Transcribed and submitted by
Great Great Granddaughter of Charles Hennrich
July 13, 1863
Your letter, which you wrote the 3rd of July, I received the 12th and see that you are all still well, as I, thank God, also am.
We were on a bushwacker chase again the 12th. About 250 men from the whole regiment and a company of the 5th Illinois Cavalry. We marched four miles where we halted. The cavalry went on ahead and searched through the brush and cornfields. But the bushwackers know every hole to crawl into and likewise how to come out again when they are hard pressed. We lay there almost all day. Toward evening our commander left 50 men under Captain Hulbruk there on the ground. They had to lie on the ground and if the bushwackers should come again they were to give them a warm reception. The rest of us marched back again. After marching two miles we came upon a very nice orchard. Our commander allowed us to halt and told us we should stack arms and could go into the orchard and fill our haversacks with apples. We were ready to do so at once. That lasted less than 15 minutes when one could scarcely see an apple on the trees. After all had filled their haversacks with ripe apples we started lustily off to Moscow.
There is plenty of fruit here in the south. Apples and peaches are now ripe. Plums are all gone.
We did not celebrate the 4th as heartily as last year. But we had enough beer to drink. At 12 o'clock 35 cannon shots were fired. In the evening, at the time that young people usually go to the ball, we had to shoulder our arms and march along the Memphis and Charleston Railroad four miles and had to stand guard there all night against guerrillas. At 2 o'clock some of the gentlemen came along. We sent them a "good morning" at once but it was too dark to really aim. When the powder smoke cleared away we could no longer see or hear anything. We then marched back.
The other day a Negro came and said he had seen a bushwacker in the brush who had been shot dead. That is another one that has come over to the Union.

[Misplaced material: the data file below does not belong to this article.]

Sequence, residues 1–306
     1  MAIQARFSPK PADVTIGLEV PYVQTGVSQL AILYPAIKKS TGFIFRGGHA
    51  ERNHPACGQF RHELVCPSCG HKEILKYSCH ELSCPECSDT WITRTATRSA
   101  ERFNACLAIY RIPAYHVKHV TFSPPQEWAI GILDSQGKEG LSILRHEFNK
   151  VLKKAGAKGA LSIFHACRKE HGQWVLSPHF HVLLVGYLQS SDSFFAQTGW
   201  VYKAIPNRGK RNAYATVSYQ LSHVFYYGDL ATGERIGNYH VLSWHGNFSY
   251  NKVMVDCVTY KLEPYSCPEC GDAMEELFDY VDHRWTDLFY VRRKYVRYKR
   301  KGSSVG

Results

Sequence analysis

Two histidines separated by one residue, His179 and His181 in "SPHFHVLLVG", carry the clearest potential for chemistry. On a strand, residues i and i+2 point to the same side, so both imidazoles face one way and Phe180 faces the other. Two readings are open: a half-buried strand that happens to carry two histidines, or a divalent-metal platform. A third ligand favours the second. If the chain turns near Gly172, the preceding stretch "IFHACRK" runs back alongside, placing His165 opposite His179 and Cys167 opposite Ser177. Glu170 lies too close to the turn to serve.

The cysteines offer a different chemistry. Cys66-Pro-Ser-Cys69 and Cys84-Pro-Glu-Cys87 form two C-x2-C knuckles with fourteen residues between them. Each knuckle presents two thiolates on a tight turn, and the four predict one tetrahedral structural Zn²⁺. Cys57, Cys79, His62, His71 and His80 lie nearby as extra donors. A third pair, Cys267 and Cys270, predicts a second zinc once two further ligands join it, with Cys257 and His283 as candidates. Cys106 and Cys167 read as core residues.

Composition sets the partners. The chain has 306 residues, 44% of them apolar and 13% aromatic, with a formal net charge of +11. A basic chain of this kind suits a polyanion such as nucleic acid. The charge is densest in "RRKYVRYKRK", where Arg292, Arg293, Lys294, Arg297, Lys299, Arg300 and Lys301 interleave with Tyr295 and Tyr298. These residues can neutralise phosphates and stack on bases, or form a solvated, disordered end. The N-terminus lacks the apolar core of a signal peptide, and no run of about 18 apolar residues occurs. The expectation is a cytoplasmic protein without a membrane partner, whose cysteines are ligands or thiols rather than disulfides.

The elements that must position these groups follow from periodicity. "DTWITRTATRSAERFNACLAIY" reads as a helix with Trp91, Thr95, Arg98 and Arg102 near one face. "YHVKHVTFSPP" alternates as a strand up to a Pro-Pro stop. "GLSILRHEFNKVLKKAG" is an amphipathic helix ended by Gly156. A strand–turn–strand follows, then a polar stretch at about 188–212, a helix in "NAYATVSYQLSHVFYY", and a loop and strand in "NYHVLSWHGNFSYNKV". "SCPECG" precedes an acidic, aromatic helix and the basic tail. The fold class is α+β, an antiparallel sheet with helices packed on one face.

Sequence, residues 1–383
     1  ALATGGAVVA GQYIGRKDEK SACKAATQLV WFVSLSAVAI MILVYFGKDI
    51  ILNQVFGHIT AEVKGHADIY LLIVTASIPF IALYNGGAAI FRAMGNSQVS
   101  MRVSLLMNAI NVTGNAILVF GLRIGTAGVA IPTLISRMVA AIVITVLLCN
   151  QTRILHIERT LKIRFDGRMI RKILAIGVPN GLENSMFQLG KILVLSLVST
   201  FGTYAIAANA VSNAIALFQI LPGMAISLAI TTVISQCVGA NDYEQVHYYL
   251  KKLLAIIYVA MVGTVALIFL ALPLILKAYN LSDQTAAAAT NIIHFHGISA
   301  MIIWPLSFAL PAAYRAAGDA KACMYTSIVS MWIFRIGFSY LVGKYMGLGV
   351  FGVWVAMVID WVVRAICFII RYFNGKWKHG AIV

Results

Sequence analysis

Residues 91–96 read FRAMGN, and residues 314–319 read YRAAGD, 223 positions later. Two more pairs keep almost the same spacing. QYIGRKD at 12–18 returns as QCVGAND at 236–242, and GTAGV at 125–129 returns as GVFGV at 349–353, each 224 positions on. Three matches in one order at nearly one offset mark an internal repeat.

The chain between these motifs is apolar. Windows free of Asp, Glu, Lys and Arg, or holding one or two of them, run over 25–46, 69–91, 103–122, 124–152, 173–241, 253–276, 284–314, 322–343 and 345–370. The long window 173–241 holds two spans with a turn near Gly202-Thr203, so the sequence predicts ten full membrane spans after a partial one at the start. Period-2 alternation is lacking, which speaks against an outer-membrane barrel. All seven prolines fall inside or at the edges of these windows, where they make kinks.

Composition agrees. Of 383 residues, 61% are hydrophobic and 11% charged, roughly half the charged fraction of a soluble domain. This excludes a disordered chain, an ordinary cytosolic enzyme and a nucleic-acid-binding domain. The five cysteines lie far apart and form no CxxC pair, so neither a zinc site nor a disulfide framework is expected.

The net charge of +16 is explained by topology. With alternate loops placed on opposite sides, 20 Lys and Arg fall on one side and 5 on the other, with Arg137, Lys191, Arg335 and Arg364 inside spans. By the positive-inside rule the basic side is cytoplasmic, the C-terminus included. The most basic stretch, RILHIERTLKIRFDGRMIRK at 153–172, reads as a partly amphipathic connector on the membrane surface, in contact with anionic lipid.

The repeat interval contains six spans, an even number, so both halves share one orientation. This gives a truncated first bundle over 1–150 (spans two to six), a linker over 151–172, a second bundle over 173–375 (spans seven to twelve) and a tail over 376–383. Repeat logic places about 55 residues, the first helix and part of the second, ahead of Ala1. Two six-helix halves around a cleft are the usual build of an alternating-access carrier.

Every farmer who had not taken the oath before the 4th of July is having everything taken away from him; sheep, cattle, swine, horses, and mules. The 6th of July 20 men of our regiment and 20 cavalry went out. We took sheep and cattle. As we were on our way back we had 200 head of sheep and 50 head of cattle. The women and the children shrieked and cried that we should leave the cows. One man went into the herd of cattle and wanted to get his two cows out. One of the cavalrymen told him to get out or he would bring him out. But the Sesech paid no attention. Then the cavalryman rode toward him and struck him on the head with his saber so that the blood spurted. The captain asked who had given him the wound and he said, "One of the cavalrymen". The captain said that he could not help it, that he should have stayed out. Now we are not short of mutton.
Dear parents, I wrote to Phillip Dock the 23rd of June but have, up to now, received no reply. The message came by telegraph on the 6th of July that Vicksburg had surrendered to General Grant on the morning of the 4th of July. On the 7th 13 cannon were fired.
The messages show strength on all sides. General Meade, who commands the Army of the Potomac, has shown General Lee how he got that way. General Rosencrans is giving it to General Bragg on the pants. I think that if things keep progressing so the war will soon be over.
Dear Parents, I have sent my coat home. I forgot to write it in my last letter and I gather from your last letter that you do not have the coat and shirt as yet because Minnie and Elizabeth are still howling that they have received no pen and I know that the coat and shirt have not arrived for I folded several pens into the bundle with them. If you do not have things by now then you must make it known to Fleck at Guttenberg.
Dear parents, would you be so kind as to send Kasper Hoffman's address as I would like to write him a few lines.
Dear parents, I would like to join the United States Regular Infantry, but one must enlist for five years. Major-general Hurlbut had it in the Memphis Bulletin that anyone who enlists for five years will receive four hundred dollars bounty money besides his monthly pay. I have a strong desire to join.
I received the paper the 9th of July. I will close now with greetings to all of you. Greet Ernst for me and remind him that he does not let himself be heard from.
Many greetings to all of you.
From your son,
Dear parents, you might send a few postage stamps again if you will be so kind.
NOTES: Minnie and Elizabeth were twins and sisters of Charles Hennrich. Ernst was a brother. Kasper Hoffman, from Clayton County, Iowa was a member of the 6th Iowa Cavalry on duty at Fort Pierre, Dakota Territory during July 1863.